Concluding the London Business School Interview

The interview is finally done. The application process to London Business School is coming to a close, and yes, the final closure will be sometime next week. The natural question is “How did the interview go?”

And my answer is “So so. Comme ci comme ca.”

As an MBA applicant who just concluded his/her interview, the first response is to look at the negatives, give them a weight of 90% and then take the positives and apply a weight of 10%. Then pray for the best and prepare for the worst, only to end up a neurotic mess. I have done that before. Strangely one of the questions one of the interviewers (yes, I was interviewed by two nice ladies who are adcom members and who both have names that sound almost alike the Thomson and Thompson characters in Tintin) asked was what I was going to do if I was not accepted into the Executive MBA Programme at London Business School. I was on a roll at that time and my response, which was quite fast, was “I will re-apply”. Both of them laughed at the response. But I truly meant it.

After seeing the school, the facilities, the curriculum, and considering it in the context of my current career trajectory, I feel the school will be a really good fit. And the good thing is this. Nobody is going to tell me one of these pesky little lines that I have gotten really tired of hearing:

  1. You are a little on the older side
  2. You have too much work experience
  3. Your current job title will make adcoms wonder what you need an MBA for
  4. Your quant score is a little weak for a top end school

Strangely one of the questions I was asked was “How were you able to get such a high GMAT score?” The first reaction, in my head, was “Huh?” My brain could not process the fact that the adcom really called my score “high”. I mean this is the same score that I have been told I needed to improve upon to have a shot at Wharton. The question caused a meltdown in the synaptic connections between my ears and my mouth because I could not process the information fast enough. Then I tailgated (you will have to pick up a copy of Pitch Perfect my Bill McGowan to understand what that means), and then I crashed. I ended up answering why I was unable to score 730. That was the third mistake I made in the interview.

Now to the first mistake. I took coffee, without eating, when I woke up in the morning. I had to drag myself out of bed at 8am for a 10am interview. The coffee without sugar and milk caused a sugar crash in my system. That coupled with the jet lag made me a nervous wreck at 9.45am. That was mistake number one.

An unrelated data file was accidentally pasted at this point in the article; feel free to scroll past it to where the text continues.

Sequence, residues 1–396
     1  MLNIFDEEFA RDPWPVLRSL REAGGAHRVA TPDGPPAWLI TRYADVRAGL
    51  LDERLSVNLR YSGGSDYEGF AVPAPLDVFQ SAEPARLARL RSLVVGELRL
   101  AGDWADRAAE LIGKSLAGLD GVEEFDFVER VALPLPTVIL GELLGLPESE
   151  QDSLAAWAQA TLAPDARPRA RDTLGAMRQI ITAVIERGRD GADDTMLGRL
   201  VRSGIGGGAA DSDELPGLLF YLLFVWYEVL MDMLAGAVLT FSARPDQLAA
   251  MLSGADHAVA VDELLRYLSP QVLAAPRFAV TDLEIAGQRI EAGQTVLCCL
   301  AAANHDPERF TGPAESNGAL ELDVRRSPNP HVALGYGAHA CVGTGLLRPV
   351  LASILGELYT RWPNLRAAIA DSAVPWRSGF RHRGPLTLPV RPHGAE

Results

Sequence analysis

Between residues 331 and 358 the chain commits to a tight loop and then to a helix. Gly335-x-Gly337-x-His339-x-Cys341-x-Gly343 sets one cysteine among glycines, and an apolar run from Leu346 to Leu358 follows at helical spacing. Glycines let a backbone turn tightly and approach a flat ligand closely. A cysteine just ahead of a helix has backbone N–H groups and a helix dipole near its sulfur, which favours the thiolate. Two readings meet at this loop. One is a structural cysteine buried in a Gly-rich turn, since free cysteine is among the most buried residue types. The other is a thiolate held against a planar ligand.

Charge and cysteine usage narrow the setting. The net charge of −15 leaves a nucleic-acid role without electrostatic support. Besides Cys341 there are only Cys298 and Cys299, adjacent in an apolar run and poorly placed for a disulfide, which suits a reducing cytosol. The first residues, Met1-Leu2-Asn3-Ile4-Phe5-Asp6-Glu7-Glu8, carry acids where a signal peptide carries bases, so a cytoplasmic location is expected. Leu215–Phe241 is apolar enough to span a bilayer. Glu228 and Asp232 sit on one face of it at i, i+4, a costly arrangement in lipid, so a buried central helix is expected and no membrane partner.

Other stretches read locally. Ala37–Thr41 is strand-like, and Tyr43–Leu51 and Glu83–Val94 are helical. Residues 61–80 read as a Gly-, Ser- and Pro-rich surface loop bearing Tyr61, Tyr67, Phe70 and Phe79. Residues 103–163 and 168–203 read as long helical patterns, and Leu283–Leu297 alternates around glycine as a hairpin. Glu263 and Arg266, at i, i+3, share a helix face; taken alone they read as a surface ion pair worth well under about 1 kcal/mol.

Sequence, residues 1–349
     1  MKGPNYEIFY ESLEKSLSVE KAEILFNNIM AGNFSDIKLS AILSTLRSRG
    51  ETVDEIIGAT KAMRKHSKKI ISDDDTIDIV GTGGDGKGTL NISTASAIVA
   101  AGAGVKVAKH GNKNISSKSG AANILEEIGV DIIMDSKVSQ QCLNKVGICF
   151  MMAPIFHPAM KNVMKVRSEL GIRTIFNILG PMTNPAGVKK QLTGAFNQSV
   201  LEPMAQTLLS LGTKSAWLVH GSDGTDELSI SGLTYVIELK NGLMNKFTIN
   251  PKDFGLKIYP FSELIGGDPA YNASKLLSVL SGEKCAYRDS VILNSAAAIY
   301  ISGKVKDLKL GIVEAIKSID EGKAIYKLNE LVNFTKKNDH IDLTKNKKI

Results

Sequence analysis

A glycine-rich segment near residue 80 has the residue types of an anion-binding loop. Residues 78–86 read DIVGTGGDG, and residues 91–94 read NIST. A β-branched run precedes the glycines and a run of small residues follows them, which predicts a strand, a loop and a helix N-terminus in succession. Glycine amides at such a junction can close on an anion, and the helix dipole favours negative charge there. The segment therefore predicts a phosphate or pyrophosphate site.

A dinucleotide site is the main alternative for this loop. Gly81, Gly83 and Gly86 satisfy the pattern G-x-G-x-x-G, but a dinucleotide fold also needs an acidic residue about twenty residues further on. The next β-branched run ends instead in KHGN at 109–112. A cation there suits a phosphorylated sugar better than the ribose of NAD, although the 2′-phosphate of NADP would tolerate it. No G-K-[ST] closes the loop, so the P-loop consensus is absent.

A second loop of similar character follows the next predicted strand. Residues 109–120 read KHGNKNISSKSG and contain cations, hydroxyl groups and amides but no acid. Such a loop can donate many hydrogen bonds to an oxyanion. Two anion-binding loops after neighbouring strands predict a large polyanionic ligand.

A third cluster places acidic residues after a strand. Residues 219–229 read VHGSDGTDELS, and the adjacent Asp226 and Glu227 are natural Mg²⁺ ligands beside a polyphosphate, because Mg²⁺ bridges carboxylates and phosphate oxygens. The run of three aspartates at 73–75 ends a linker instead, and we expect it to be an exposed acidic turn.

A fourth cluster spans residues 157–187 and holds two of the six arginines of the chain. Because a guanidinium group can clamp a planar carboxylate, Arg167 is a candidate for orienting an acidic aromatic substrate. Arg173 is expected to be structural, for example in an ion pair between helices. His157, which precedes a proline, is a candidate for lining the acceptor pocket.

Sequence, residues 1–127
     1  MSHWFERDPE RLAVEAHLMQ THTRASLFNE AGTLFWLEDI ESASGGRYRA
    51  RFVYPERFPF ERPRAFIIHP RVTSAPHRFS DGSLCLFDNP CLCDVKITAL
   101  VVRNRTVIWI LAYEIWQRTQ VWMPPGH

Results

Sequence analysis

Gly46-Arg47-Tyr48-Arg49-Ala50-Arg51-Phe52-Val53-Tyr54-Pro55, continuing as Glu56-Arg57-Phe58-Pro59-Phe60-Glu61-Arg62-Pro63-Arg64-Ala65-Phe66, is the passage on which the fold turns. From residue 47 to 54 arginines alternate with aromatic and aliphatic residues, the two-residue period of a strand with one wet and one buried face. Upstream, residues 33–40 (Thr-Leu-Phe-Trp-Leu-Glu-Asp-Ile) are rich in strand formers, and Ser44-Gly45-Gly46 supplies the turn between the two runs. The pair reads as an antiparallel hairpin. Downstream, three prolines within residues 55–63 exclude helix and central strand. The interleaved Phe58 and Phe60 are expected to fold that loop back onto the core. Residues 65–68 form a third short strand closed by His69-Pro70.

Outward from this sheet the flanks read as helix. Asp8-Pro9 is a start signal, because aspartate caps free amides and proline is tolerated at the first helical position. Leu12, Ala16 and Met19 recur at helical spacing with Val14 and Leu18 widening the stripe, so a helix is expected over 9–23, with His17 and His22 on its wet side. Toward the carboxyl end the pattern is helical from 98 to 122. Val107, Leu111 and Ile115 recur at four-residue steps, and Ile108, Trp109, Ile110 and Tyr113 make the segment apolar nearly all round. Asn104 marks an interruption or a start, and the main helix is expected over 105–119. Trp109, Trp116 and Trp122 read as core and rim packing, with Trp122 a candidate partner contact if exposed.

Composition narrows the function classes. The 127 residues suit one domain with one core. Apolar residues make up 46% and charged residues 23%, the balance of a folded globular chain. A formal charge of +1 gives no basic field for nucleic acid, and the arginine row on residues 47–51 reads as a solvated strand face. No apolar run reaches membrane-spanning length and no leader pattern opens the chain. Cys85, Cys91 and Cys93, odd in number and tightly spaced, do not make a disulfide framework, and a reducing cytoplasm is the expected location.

The interview started off with a presentation. I felt confident, in my head, but my mouth betrayed my nervousness. My voice was shaky. I should have overcome this within 3 – 4 minutes because I really loved making presentations, but it went through all the 10 minutes plus. Mistake number two. Am I going to be marked down for that? I don’t know. But here is what I know. I delivered my message. And how do I know this?

One of the adcom members (not one of the interviewers) was taking me around the campus when another member (also not an interviewer) rushed down the staircase to meet me. She was all excited and went “So you were one of the doctors that delivered a baby on board a British Airways flight from Abuja to London? I actually know someone who was aboard the flight!”. That was one of the “cool stories” in my presentation, and it must have been memorable enough for her to know just a few minutes after I walked out of the interview room. I think it is a dead giveaway.


I am still an MBA applicant. And I will assign a weight of 10% to cool stories and 90% to shaky voice caused by an unusual amount of caffeine in the system and a bloody jet lag. 

So I will hope for the best and prepare for the worst while making a neurotic mess of myself because I am still an MBA applicant after all.


6 thoughts on “Concluding the London Business School Interview

  1. To me, it sounds as if you did great!

  2. knightmba says:

    Hey Grant, thanks for the confidence. But I wish you were an Adcom member… Lol. I don’t see this as a slam dunk though. That was how my interviews with INSEAD went really great and I ended up on the wait list. But I will stay positive and I hope I get a call.

  3. olsmade says:

    I wish you the very best. I am also a medical doctor from Nigeria and applying for the MBA starting 2015 but still in my mid twenties. I am applying to only a handful of American schools and hope I get in. My dream school is Stanford but lets see how it goes.

    • knightmba says:

      I am sure you will get in. Just make sure that your GMAT is up there and you get your story right, and you will be fine. Stanford is encouraging Africans to apply, and I hope you applied for the scholarship, which just closed last week I think. As a medical doctor from Nigeria and in your mid-twenties, you sure fit the cohort. I will also strongly encourage you to work with a consultant; although, you probably have a cultural fit with the US, and you may be able to get your package right without help. But the help will at least make things better not worse.

      • olsmade says:

        The stanford African scholarship application is actually closing tomorrow and it was while trying to complete my essay that I came across your blog. Thanks for the insight. I am hoping to register for the GMAT asap and hope to get over a 700 on my first attempt, hopefully. I am not sure I can afford a consultant but I have been closely following a number of mba sites and blogs and hope to put my best foot forward. Thanks once again and wish you the best.

      • knightmba says:

        Let me know once you have done your GMAT. Make sure you get in touch…

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